Wednesday, January 30, 2008

Spätzle gives new meaning to "hand-made"

I've always loved spätzle, and now I love them even more. I love making them, looking at them, and of course, eating them.

Wintertime is the perfect time for
spätzle, partly because of its inevitably home-made look and taste, and partly because the vehicle that carries the spätzle tends to fall into the comfort food zone (goulash, ragout, butter, cream, cheese, etc). I once had a delicious spätzle with mushrooms at Flatbush Farm, and I've been craving it for weeks now. In an attempt to try it at home, I got some tips from a German chef and downloaded some recipes from Wolfgang Puck and Epicurious.

Last night I successfully completed part one of the process - the making and boiling of the dough. I have to say I've never had so much fun with food in my life. The ingredients are basic - flour, eggs, milk (some omit the milk and use water), fresh ground nutmeg, salt, and pepper. I added in a bit of chopped thyme for taste and visual appeal since the mushroom sauce will also have thyme, and I liked the subtle result.

The fun begins when you mix the dough - you do it with your bare hand. I can't quite describe the sensation, but because the dough is so smooth and silky, your hand sort of becomes one with the dough. There was a point of difference between the Bavarian chef
and Wolfgang Puck's recipes - Bavarian said mix the dough well, for 10-15 minutes. Puck said mix it minimally, just until combined. Being the masochist that I am, I went with the longer route and boy, did my arm get a workout!

You then let the dough rest in the fridge for about an hour before you begin the next stage of fun.

To shape the spätzle, you simply pass it through a hole-y colander directly into boiling, salted water. The dough is nice and elastic-y, a little mushier than pizza dough, so you have to really smash your hand into the colander to get the dough to squeeze out. It's pure child's play.

A word of warning, though. The fun ends when you realize what a mess you've made and remember you have a kitchenette with no dishwasher. And this isn't a clean-as-you-go kind of dish - you need at least 2 or 3 hands full-time. But it was all worth it, every gooey drop of it. The spätzle are happily resting in my refrigerator, waiting for their next stage in life. Yay! Tomorrow, I will introduce them to some interesting mushrooms, and possibly a guy named pancetta, pending on M's presence.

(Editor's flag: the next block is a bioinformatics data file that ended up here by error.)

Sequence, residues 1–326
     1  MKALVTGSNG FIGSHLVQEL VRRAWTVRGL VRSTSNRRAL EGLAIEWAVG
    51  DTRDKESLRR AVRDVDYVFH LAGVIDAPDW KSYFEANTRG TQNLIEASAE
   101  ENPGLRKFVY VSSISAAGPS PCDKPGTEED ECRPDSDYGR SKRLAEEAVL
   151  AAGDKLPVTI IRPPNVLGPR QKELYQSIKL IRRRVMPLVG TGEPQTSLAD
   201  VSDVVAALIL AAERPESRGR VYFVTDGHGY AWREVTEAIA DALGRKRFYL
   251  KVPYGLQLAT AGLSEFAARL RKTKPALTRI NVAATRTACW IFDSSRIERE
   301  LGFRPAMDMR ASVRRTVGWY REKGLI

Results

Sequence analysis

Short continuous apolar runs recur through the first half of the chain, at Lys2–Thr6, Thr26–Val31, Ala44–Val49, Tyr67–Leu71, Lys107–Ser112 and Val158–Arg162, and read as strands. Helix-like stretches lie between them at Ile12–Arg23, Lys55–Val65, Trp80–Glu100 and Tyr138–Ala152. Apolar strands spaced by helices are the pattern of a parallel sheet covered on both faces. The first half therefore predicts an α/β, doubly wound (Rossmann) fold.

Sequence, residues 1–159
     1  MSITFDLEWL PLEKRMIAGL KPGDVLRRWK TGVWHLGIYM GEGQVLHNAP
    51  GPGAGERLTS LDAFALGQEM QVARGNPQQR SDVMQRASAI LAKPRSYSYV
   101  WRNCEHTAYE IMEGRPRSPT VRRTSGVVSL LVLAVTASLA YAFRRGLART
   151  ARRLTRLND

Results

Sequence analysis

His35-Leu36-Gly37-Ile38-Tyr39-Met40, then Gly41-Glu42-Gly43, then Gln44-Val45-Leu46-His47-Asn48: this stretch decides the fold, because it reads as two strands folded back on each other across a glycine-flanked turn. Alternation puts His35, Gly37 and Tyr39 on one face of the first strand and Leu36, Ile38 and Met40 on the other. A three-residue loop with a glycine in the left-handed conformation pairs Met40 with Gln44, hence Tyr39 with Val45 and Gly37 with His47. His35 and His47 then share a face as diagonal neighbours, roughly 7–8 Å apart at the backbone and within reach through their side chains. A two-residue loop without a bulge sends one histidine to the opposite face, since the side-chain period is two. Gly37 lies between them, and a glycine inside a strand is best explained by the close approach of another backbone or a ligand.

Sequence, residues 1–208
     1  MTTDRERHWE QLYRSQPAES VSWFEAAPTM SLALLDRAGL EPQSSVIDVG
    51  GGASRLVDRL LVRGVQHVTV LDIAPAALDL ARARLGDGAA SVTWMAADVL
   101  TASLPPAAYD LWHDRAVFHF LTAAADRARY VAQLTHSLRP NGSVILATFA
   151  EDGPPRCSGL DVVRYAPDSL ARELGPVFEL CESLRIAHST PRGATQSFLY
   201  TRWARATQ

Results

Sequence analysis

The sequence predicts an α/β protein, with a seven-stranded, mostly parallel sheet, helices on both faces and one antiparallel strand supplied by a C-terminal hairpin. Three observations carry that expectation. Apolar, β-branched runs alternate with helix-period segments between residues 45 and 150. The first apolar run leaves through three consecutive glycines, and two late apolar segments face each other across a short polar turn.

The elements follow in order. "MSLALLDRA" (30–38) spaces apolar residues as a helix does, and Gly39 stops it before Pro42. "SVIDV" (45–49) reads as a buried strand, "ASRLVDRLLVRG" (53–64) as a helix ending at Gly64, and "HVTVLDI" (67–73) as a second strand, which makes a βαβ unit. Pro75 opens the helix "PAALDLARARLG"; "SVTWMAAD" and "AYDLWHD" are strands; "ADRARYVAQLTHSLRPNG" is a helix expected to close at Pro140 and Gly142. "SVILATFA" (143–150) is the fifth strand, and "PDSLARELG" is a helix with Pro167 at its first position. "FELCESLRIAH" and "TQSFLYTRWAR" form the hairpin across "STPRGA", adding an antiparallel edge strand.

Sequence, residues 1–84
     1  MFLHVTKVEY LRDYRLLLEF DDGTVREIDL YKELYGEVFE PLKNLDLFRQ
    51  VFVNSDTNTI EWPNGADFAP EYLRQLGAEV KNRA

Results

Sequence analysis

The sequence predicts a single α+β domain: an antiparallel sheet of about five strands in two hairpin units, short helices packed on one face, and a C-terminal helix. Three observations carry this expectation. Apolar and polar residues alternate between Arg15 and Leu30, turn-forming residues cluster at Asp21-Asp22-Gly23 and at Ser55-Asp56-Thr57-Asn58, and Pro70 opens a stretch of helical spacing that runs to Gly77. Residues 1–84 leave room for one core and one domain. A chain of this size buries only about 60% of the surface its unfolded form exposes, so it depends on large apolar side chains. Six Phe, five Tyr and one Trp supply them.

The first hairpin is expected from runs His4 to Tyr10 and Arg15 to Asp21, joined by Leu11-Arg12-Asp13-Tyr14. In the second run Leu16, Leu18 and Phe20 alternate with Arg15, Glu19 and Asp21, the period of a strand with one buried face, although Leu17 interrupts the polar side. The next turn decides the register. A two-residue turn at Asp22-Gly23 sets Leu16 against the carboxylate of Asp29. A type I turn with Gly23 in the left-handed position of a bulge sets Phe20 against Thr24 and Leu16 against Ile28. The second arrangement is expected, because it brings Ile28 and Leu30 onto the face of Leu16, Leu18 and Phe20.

Recipe: Spätzle
Adapted from Wolfgang Puck
4 egg yolks
1 egg
1 3/4 cups milk
1 pound (about 3 cups) all purpose flour
1/4 teaspoon freshly grated nutmeg
1 teaspoon salt
1/4 teaspoon freshly ground pepper
4 ounces unsalted butter, melted
1/2 cup peanut oil
2 ounces unsalted butter
1 tablespoon fresh minced parsley

1. In a medium bowl, beat the egg yolks, egg, and milk together.

2. In a large bowl, combine the flour, nutmeg, salt and pepper. Add the butter, and egg mixture to the flour mixture and mix with bare hand until well blended and all the lumps have come out, about 10-15 minutes. Cover the bowl and refrigerate. Allow the batter to rest for at least 1 hour.

3. Bring salted water to a boil. Place a perforated hotel pan (or a large-holed colander) on top of the pot. Place the batter on the pan and force through the holes to form
spätzle. Cook until the batter rises to the top.

4. Skim cooked
spätzle. off top into a bowl of ice water to shock. When cool to the touch, drain well. Stir in half the oil. (At this point you can cover and refrigerate up to 2 days)

5. When ready to serve, over high heat place a large sauté pan until it gets very hot. Add the remaining 1/4 cup of oil and the boiled
spätzle. Let cook for 2 minutes without moving the pan to achieve a good brown color. Add the butter and start to sauté the spätzle. Sauté until golden brown. Season to taste with salt and pepper. Finish with a sprinkle of parsley.

If you're still reading, here's also a nice video via Chowhound, covering the basic aspects of
spätzle-making (click on the menu item on the left): How to make spätzle